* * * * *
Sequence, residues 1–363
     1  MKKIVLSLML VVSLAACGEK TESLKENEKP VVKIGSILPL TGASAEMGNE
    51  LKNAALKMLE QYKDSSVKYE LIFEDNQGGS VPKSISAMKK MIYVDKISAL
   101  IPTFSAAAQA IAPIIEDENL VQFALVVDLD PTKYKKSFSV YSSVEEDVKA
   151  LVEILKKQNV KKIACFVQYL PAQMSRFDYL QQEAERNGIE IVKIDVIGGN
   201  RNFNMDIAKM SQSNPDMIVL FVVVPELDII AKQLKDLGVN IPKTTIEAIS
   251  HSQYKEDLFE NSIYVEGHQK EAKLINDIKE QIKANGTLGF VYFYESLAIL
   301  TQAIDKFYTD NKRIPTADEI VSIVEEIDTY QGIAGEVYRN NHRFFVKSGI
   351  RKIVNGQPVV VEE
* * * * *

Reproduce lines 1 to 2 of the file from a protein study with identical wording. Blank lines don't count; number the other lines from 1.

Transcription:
Sequence, residues 1–363
     1  MKKIVLSLML VVSLAACGEK TESLKENEKP VVKIGSILPL TGASAEMGNE